The Pleasures of C by Edward Smallfield

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Everywhere in The Pleasures of C, ranges of relation—whether those of form or of content-are explored. "An old story/mistranslated/one more time" leads the reader through and to Mexican roads, Algerian voices, a mother at once older and younger than her son, a "small republic" of passions and perceptions dragged from its foundations into the sea. Yet to be in this sea is not to be at sea. Though the poet attests, "I was lost/and have been/lost/ever since," these poems are firmly grounded in a generosity of impulse and meaning which orient the reader to the poetic journey undertaken. At the end of that wandering, Edward Smallfield shows us the habitation of the poem: for all the foreignness it can encompass, the reader comes upon this site as its door is ajar. Entering, one feels uncannily at home.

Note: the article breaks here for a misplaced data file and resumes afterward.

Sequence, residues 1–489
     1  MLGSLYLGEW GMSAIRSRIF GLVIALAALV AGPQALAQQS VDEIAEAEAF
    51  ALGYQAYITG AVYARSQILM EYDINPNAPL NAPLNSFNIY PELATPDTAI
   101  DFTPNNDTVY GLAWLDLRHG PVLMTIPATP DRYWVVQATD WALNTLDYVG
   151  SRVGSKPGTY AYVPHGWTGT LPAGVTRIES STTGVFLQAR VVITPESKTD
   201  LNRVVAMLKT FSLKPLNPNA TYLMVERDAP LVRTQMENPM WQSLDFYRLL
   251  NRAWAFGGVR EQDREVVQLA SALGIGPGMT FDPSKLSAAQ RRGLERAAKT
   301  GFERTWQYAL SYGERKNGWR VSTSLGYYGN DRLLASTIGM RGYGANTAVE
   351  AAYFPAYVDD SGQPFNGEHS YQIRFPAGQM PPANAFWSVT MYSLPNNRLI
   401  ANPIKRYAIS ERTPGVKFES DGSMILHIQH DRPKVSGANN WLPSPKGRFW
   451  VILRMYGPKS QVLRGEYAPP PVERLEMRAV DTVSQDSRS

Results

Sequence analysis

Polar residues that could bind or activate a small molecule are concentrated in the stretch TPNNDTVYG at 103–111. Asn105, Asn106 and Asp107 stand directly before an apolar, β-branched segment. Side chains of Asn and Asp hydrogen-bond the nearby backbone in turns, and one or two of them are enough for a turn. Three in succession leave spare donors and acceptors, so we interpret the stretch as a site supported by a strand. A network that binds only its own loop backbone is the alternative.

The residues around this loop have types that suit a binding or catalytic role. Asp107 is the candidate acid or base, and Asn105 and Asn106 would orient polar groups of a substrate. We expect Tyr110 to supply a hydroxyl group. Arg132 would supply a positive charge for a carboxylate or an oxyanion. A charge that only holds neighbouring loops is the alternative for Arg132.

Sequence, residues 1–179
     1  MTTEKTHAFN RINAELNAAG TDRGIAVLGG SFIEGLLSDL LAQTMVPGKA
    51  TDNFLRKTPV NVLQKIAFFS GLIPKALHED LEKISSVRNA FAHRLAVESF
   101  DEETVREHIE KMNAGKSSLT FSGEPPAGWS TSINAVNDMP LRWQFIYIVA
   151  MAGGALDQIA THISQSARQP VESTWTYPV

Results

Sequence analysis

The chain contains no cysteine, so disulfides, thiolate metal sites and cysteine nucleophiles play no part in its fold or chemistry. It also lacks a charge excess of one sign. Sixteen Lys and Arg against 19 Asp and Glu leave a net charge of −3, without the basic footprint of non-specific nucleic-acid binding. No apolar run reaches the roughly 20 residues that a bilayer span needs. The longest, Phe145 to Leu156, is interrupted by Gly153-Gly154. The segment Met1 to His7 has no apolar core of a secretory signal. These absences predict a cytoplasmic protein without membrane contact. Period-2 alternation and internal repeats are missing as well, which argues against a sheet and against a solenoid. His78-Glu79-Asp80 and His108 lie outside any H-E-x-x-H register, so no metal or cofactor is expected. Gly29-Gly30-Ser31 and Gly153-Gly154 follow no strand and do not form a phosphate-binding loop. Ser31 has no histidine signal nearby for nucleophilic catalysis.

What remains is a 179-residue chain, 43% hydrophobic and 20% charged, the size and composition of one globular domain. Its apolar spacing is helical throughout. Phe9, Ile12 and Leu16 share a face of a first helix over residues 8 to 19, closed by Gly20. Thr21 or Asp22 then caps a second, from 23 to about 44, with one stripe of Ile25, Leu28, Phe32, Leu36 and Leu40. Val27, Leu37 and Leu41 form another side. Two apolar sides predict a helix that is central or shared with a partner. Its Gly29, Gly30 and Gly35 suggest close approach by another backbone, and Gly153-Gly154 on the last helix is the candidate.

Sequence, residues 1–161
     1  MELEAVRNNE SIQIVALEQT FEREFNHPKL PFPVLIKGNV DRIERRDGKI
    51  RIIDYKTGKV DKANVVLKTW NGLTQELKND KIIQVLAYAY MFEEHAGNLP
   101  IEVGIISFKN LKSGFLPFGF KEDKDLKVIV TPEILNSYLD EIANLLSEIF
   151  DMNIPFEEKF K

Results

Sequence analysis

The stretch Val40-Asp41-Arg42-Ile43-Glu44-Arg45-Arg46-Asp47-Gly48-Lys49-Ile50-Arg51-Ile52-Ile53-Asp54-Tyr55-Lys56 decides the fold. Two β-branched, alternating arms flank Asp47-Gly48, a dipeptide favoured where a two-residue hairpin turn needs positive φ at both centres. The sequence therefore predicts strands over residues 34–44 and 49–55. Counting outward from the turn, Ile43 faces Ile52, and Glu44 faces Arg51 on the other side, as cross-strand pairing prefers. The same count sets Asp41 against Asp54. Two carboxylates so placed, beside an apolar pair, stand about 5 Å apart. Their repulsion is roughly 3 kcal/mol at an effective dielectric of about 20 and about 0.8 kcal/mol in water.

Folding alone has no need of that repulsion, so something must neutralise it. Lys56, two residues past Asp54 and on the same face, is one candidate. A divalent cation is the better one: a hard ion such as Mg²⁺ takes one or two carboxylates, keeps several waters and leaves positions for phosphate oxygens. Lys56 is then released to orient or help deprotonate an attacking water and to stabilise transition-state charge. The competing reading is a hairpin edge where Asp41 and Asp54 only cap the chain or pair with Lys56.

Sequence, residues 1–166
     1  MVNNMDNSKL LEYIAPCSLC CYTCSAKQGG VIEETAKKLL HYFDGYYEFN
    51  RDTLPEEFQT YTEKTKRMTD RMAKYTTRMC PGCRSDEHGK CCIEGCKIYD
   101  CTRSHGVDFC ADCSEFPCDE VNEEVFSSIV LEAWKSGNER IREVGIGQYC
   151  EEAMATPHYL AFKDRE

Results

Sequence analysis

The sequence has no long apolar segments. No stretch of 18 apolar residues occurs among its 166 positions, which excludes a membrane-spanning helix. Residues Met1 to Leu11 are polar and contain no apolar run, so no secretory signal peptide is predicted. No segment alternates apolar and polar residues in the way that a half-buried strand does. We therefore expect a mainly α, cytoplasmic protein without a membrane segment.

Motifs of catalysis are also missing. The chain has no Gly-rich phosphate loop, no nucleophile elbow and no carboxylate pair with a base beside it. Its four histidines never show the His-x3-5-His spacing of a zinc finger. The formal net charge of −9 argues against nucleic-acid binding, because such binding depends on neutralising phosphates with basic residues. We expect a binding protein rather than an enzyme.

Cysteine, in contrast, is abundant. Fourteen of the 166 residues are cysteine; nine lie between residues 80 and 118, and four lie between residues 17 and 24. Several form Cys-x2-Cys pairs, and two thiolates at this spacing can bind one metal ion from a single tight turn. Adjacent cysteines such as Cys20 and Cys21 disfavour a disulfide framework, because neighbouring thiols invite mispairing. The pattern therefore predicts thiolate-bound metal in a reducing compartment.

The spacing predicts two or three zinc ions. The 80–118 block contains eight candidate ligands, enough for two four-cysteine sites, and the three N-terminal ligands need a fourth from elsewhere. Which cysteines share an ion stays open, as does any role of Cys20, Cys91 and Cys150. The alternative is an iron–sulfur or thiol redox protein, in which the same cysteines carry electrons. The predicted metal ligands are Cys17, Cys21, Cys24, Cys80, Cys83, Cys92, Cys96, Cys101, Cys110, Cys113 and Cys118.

—Elizabeth Robinson